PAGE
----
Muddy Waters: The Political Construction of Deliberative River Basin Governance in Brazil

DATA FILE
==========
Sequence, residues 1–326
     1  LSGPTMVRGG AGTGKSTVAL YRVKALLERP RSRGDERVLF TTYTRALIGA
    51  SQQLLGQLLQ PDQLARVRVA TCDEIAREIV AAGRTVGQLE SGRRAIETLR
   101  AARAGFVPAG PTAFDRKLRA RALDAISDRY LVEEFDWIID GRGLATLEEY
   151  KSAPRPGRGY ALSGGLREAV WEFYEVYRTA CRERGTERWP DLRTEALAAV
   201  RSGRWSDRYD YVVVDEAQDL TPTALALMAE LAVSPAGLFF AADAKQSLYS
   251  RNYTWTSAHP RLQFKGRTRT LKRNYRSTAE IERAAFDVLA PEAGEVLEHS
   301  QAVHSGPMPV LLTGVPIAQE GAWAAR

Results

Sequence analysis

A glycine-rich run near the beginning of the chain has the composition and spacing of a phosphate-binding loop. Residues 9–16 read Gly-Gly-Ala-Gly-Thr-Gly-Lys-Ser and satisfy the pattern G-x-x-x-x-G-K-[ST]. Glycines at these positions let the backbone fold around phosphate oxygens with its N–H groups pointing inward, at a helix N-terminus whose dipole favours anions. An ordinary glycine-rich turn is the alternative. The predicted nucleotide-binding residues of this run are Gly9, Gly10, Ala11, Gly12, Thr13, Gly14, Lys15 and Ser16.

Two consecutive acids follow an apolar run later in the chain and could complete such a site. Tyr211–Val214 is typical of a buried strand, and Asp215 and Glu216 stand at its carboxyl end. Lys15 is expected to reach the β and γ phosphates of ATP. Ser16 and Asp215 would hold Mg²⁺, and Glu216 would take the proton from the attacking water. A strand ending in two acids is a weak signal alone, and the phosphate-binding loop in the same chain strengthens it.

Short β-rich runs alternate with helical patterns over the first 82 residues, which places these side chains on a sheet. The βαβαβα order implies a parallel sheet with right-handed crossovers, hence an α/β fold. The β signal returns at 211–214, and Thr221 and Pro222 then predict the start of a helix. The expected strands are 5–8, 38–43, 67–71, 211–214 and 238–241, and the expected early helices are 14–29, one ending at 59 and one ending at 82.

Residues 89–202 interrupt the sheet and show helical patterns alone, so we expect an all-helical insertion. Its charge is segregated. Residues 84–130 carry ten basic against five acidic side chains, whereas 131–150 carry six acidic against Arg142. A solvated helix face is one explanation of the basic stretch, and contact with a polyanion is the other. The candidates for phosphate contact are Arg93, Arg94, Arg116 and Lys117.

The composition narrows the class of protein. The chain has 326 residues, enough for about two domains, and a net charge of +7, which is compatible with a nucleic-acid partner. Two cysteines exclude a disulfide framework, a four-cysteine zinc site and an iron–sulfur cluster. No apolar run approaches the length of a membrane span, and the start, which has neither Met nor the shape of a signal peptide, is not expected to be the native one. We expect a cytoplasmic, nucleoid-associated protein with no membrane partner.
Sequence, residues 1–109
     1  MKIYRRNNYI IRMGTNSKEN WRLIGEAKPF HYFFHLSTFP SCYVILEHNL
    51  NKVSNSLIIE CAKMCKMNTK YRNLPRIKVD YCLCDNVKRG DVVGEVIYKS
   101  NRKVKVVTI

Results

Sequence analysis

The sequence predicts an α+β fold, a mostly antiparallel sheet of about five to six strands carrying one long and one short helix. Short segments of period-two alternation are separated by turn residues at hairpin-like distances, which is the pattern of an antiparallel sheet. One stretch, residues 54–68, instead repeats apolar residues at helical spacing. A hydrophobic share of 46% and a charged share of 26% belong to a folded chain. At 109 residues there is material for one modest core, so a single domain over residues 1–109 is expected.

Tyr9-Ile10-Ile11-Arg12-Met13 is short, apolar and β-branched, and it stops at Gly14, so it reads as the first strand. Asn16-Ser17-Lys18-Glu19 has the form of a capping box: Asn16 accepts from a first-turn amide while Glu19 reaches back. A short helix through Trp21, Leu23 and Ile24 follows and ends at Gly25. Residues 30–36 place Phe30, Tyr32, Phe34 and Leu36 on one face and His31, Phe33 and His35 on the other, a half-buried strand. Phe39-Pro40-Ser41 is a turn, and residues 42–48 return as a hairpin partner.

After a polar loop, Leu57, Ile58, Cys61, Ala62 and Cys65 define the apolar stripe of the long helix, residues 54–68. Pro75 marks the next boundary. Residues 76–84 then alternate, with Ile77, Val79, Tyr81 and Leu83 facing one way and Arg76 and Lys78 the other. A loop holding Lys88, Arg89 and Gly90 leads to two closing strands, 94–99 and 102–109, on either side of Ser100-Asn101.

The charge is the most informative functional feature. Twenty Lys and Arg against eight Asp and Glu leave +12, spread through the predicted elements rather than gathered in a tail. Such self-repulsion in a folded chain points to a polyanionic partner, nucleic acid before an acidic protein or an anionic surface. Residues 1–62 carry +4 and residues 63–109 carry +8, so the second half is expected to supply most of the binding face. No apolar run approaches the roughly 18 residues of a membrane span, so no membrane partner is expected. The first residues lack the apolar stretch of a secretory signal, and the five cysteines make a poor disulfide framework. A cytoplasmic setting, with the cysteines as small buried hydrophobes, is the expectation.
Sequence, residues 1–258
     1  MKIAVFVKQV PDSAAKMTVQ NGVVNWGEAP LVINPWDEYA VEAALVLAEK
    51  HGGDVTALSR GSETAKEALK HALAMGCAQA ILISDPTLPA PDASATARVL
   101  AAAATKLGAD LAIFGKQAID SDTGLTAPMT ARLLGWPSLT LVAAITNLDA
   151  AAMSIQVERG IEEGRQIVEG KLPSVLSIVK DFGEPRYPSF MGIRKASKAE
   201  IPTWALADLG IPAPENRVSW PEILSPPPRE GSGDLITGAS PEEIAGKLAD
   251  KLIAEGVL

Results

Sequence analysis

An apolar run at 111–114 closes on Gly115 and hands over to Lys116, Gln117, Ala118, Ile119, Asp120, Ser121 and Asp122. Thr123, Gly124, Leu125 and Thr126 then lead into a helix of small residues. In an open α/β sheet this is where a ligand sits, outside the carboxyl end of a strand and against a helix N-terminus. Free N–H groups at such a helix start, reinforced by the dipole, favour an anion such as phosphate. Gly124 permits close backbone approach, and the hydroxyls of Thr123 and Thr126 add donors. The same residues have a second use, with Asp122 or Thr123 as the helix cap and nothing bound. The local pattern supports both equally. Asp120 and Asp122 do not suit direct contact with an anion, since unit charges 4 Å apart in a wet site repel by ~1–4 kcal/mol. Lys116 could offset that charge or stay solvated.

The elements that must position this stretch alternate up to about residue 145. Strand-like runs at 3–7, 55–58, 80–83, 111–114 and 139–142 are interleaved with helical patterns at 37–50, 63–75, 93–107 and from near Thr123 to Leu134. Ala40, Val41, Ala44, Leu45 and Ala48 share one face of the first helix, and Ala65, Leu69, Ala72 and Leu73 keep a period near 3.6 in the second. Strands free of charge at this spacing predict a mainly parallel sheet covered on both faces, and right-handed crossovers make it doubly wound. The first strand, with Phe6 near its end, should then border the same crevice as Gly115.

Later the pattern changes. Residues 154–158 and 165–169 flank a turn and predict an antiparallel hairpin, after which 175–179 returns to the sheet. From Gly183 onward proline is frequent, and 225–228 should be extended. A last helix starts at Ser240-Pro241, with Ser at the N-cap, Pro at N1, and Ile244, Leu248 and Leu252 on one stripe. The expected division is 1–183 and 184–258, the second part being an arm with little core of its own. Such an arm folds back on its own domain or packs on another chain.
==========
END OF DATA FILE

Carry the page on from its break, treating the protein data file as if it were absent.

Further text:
Over the last two decades, numerous international conferences and organizations have espoused managing water as an economic good, involving participatory forums in systems of decentralized management at the river‐basin level. In the 1990s, Brazil adopted such a model. More than a simple transfer of power from the national to the local level or from bureaucratic to deliberative decision‐making, however, this process requires multi‐directional power transfers among a variety of policy arenas and actors and among national, state, municipal and river‐basin institutions, as well as a complex — and ongoing — negotiation over the meanings of both water pricing and participation. Focusing on the politics of reform legislation in the state of São Paulo and nationally, the article examines how political‐institutional features of federalism and executive‐legislative relations constrained the passage of reform legislation, and how pro‐reform actors attempted to surmount such institutional limitations with networking strategies and by fostering incremental changes in practices on the ground.